1. This is an appeal against a decree of the Subordinate Judge of Khulna, dated the 7th October 1901.
2. The suit out of which this appeal arises was brought by the plaintiffs to obtain possession of a half share in 50 bighas of land, which were let some time ago to one Ekabbar under a jungleburi lease.
3. The principal defendants Nos. 1 and 2 have purchased this land at an auction sale; and the plaintiffs now seek to eject them on the ground that the tenancy of Ekabbar was not of a transferable nature.
4. The defendants Nos. 1 and 2, on the other hand, contended the Lower Court that the interest of Ekabbar was that of a tenure-holder, and as such was transferable; or, if not, that it was a raiyati holding at fixed rates of rent, to which the provisions of Section 18 of the Bengal Tenancy Act are applicable.
5. Both the Courts below have found that the interest of Ekabbar in the land was not that of a tenure-holder, but that of a raiyat holding at fixed rates.
6. The plaintiffs appeal to this Court and contend that on the terms of the kabuliat executed by Ekabbar, his interest in the land was not that of a raiyat holding at fixed rates; and particular stress is laid upon a passage in the kabuliat, which runs as follows and which has been translated by the Subordinate Judge thus: 'Whatever increase in the production of the soil you may effect, and whatever measurement and jamabandi you may make, I shall abide by the same.'
7. That means to say, that if there is an increase in the productiveness of the soil at the expense of the landlord or in consequence of improvements made by him, the lessee is to pay at a higher rate; and if on measurement the area of the land should appear to be greater than that mentioned in the kabuliat, a greater amount of rent is to be paid at the same rate as that mentioned in the kabuliat.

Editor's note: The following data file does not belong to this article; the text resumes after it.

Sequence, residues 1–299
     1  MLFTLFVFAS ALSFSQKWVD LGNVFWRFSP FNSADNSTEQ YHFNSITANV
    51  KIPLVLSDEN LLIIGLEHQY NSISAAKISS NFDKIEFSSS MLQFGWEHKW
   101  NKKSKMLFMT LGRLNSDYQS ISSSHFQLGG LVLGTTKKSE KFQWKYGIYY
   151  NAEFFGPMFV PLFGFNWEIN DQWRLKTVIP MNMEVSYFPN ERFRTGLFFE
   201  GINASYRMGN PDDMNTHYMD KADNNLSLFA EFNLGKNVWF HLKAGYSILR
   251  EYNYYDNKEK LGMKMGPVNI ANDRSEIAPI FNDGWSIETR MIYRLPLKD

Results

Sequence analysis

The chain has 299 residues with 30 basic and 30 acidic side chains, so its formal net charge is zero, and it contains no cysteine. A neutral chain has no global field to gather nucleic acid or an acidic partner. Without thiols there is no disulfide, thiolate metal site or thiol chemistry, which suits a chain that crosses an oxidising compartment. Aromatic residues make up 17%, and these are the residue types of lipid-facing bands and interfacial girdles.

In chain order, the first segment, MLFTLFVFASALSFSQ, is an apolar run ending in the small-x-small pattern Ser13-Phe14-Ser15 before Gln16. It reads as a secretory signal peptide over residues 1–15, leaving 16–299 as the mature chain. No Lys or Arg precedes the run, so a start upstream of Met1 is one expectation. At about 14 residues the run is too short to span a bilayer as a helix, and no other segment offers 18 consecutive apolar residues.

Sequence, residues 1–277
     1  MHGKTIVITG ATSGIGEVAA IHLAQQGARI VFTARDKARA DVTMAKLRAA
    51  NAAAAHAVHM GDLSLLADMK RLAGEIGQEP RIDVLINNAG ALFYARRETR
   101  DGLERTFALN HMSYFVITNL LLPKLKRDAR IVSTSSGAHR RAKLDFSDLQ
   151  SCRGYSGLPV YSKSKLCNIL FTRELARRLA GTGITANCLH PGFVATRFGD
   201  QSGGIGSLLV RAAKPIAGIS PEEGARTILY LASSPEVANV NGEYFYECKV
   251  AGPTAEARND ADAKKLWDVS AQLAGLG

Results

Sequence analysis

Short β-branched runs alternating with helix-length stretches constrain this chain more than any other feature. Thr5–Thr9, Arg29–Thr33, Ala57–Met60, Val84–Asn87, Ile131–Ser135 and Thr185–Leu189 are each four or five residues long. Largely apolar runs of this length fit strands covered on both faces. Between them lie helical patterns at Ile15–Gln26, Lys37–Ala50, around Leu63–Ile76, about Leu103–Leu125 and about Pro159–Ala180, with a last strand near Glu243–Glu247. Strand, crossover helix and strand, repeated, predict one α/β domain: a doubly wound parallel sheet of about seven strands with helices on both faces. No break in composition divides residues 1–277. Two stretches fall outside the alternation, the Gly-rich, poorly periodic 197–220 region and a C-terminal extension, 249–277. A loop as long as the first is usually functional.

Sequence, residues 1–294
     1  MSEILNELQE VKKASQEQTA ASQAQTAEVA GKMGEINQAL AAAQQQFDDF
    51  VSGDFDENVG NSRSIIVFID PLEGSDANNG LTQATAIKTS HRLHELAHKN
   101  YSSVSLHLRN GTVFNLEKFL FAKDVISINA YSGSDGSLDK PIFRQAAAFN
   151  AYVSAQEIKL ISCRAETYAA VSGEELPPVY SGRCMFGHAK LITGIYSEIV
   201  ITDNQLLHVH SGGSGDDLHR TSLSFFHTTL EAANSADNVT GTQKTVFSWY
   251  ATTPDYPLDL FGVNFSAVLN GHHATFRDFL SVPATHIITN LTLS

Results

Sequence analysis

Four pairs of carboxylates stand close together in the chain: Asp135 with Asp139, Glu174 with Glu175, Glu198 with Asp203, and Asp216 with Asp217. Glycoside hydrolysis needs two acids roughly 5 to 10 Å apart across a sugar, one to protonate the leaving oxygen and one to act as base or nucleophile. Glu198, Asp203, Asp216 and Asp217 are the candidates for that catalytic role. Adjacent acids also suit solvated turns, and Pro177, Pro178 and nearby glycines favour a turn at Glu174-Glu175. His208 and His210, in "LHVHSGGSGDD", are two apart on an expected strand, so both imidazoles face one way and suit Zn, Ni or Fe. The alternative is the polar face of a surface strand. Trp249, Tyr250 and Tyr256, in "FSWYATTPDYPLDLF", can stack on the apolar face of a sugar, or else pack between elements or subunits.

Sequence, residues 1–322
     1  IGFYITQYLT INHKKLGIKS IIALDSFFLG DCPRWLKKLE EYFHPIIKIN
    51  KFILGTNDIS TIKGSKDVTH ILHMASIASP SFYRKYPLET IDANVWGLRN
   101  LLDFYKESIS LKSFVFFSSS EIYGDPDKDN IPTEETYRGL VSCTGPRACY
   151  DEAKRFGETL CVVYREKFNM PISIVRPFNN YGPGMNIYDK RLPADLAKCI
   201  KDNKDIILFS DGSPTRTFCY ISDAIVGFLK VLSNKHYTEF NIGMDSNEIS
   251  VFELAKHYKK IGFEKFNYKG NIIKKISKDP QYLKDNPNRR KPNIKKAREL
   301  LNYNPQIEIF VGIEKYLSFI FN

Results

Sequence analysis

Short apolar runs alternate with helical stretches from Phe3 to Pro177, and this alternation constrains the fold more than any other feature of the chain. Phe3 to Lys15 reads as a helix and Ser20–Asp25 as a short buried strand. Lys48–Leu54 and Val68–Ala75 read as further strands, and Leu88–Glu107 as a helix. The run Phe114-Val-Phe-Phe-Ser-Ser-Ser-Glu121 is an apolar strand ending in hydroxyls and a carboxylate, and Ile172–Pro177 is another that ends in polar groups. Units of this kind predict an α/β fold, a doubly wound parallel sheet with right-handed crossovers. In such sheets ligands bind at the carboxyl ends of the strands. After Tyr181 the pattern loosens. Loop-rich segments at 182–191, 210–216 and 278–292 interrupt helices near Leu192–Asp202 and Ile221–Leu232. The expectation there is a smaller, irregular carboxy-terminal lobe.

8. The learned pleader for the appellants contends that the clause in the lease shows that the interest of Ekabbar was not that of a raiyat holding at fixed rates; and we think that this contention must prevail.
9. The kabuliat, which is undoubtedly a jungkburi kabuliat, provides for a progressive rate of rent up to the year 1284, when rent at the full rate of 12 annas per bigha was to be paid, and rent at this rate was to be paid in every subsequent year. The kabuliat does not expressly provide that the interest of Ekabbar was to be heritable or perpetual. It does not expressly exclude enhancement on any ground, and expressly provides for enhancement on the ground of increase in the productiveness of the soil, effected at the expense of the landlord. This would seem, having regard to the provisions of Section 30, Clause (c) of mo Bengal Tenancy Act, to be the meaning of the kabuliat. Now as both the Lower Courts have hold that Ekabbar was (sic) tenure-holder, and as we have come to the conclusion that (sic) was not a raiyat holding at fixed rates, in my opinion he must be a raiyat with occupancy rights. But however this may be, it is clear that the Subordinate Judge's finding that Ekabbar was a raiyat holding at fixed rates is incorrect.
10. We therefore decree this appeal and remand the case to the Court of First Instance for decision of the other questions, which arise in it.
11. The costs will abide the result.
12. I agree with my learned brother that this case should be remanded for enquiry into the matters indicated by him. But I do not agree with him that the interact created by the lease is a right of occupancy or is governed by the provisions regarding enhancement of rent of occupancy raiyats. The parties must be regulated by the terms of the contract. It is not a case of the creation of a right by statute as rights of occupancy are ordinarily considered to be.
13. The contract in this case does not stale in express terms that the interest created is permanent, neither does it say anything about transferability. The matter, therefore, is open for consideration whether the holding is transferable; and I use the word 'holding' because both the Lower Courts have held that the interest created by the lease is not a tenure. The Lower Appellate Court should in my opinion have considered the question whether, having regard to the terms of the contract between the parties and any other matters that might have been brought forward with regard to the incidents of similar holdings in the neighbourhood, the holding was transferable or not. If it holds that it was transferable irrespective of the question whether the right created by the lease is au occupancy right or not, the suit should be dismissed; but, if it finds otherwise, the suit should be decreed.
14. I agree with my learned brother that the interest created by the lease is not one covered by Section 18 of the Bengal Tenancy Act.